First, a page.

Sens. Azinger, Cline, Karnes, Rucker and Trump, all Republicans, voted to pass the bill out of the committee, while Sens. Romano and Stollings, both Democrats, and Sens. Drennan and Swope, both Republicans, voted no. Democratic Sens. Beach, Plymale and Unger were absent.
The committee voted down HB 4407 in a 6-6 vote Wednesday evening, with Sens. Azinger, Boley, Cline, Swope, Trump and Karnes for, and Sens. Beach, Plymale, Romano, Rucker, Stollings and Unger against.
Rucker, R-Jefferson, was only one to break with party. Drennan, R-Putnam and Mann, R-Monroe, both were absent.
HB 4407, which the House passed 50-48 on Feb. 13, would erase the requirement that those wanting to become teachers through alternative certification must already have an “academic major or occupational area the same as or similar to the subject matter” they wish to teach.
State law and policy now allow county boards of education to create alternative teacher certification programs to let people who don’t have teaching degrees become public school teachers. Certain decisions are left to counties, but the state requires that alternative certification applicants have a related academic major or occupation and that such people can only be hired in “areas of critical need and shortage.”
Michele Blatt, an assistant state schools superintendent, said such shortage areas are positions that counties have posted twice without getting any successful applicants.
HB 4407 would not touch the statewide requirement for at least a bachelor’s degree from a regionally accredited college, and would still require any alternative certification applicant to “pass the same basic skills and subject matter test or tests required by the state board for traditional program candidates to become certified in the area for which he or she is seeking licensure.”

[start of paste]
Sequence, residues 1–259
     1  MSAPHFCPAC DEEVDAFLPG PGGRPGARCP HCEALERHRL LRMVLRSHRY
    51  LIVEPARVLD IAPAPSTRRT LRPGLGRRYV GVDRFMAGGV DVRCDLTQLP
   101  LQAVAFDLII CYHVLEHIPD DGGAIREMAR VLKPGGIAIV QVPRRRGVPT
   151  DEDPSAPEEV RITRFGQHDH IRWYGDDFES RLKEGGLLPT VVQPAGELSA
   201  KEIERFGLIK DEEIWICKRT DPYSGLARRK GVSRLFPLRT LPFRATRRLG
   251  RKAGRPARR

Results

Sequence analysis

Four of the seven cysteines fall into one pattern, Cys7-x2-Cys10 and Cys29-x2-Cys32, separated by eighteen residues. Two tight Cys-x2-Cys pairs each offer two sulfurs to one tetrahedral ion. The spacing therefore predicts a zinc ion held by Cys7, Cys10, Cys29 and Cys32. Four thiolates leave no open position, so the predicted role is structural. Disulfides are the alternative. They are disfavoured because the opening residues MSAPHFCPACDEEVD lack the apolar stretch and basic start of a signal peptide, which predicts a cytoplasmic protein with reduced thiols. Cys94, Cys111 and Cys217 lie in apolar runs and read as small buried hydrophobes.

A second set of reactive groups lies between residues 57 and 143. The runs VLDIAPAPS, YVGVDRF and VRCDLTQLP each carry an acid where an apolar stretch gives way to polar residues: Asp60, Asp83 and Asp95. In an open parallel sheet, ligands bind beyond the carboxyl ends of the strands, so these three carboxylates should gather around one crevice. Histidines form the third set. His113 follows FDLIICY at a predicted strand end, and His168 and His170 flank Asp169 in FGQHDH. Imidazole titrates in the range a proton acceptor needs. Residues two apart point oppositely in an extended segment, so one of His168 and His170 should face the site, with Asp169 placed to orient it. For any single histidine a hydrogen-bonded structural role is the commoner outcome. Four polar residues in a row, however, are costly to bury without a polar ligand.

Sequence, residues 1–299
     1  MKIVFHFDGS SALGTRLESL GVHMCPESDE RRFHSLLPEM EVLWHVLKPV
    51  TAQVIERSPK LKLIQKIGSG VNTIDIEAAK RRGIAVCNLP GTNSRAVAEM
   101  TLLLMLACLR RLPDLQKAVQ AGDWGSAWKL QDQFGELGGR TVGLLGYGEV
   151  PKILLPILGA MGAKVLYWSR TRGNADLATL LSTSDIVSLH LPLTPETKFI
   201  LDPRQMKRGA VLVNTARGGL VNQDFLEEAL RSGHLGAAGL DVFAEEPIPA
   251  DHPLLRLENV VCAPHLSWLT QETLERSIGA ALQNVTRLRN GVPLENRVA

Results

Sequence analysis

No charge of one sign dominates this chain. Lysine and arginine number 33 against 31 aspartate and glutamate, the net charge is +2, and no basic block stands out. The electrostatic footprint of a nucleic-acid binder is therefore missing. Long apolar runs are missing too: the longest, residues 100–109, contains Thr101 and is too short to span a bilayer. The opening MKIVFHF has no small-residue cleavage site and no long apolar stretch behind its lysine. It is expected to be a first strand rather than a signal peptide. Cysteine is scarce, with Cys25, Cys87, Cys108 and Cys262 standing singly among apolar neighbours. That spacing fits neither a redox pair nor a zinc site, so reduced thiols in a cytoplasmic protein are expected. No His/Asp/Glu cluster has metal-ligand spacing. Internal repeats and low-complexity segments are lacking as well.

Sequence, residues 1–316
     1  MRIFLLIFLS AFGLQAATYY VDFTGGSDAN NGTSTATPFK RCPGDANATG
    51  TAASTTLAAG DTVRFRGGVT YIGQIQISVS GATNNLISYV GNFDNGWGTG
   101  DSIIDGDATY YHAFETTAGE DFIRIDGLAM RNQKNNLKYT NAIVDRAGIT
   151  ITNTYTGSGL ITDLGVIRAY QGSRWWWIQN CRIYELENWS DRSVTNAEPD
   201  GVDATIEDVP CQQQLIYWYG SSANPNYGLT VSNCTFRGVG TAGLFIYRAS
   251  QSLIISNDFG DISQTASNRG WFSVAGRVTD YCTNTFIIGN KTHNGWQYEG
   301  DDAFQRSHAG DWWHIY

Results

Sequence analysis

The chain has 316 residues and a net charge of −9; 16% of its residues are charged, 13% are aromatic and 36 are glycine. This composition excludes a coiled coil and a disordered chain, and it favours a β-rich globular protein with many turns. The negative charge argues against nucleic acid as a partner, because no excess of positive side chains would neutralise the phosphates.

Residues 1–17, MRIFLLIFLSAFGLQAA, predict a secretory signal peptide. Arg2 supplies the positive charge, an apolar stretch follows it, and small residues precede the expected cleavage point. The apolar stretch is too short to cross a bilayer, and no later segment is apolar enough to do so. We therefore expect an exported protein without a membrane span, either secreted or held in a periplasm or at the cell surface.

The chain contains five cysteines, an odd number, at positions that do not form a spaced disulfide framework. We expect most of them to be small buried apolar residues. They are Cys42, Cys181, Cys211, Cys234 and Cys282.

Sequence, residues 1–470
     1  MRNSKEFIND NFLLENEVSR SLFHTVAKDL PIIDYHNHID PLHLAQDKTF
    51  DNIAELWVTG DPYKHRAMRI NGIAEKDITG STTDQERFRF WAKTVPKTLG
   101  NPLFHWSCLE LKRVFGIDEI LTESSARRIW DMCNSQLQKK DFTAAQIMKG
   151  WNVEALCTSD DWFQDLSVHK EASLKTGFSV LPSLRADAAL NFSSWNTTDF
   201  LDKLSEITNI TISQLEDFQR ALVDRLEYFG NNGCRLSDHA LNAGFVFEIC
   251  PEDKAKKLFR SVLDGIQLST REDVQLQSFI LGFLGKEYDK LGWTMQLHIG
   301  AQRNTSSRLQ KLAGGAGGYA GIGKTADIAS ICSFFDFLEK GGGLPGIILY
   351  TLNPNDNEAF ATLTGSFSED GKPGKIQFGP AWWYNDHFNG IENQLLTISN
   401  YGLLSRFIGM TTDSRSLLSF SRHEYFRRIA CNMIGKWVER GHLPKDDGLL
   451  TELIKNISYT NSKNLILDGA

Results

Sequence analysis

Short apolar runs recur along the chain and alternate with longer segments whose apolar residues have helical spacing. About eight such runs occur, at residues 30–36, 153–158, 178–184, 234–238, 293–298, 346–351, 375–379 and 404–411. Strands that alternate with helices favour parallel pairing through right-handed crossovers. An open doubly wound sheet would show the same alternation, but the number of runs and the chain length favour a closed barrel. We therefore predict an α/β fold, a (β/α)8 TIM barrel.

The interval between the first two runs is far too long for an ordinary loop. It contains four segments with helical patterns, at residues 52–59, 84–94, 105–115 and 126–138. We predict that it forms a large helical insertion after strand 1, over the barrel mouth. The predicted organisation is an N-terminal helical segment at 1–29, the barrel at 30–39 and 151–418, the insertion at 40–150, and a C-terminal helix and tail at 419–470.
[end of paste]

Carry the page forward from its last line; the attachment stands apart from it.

Trump said he didn’t move to add HB 4407 to Wednesday’s agenda because the statewide public school employees strike ended Wednesday. For the first time in more than a week, no one was protesting outside the Senate or House chamber doors as of late Wednesday morning.
“I think it’s strategic,” Dale Lee, president of the West Virginia Education Association union, said of the timing of the bill appearing in the committee. “They want to throw a last dig at us.”
Lee said his union remains against the bill, and said it was “just an attempt to further reduce the qualifications for a teacher.”
‘“It’s a serious proposal,” Trump said of the bill. “We’ve heard many times from the leaders of the teacher organizations around the Capitol about how acute the vacancy problem is, and so I think this is worthy of consideration to see if it can help with that.”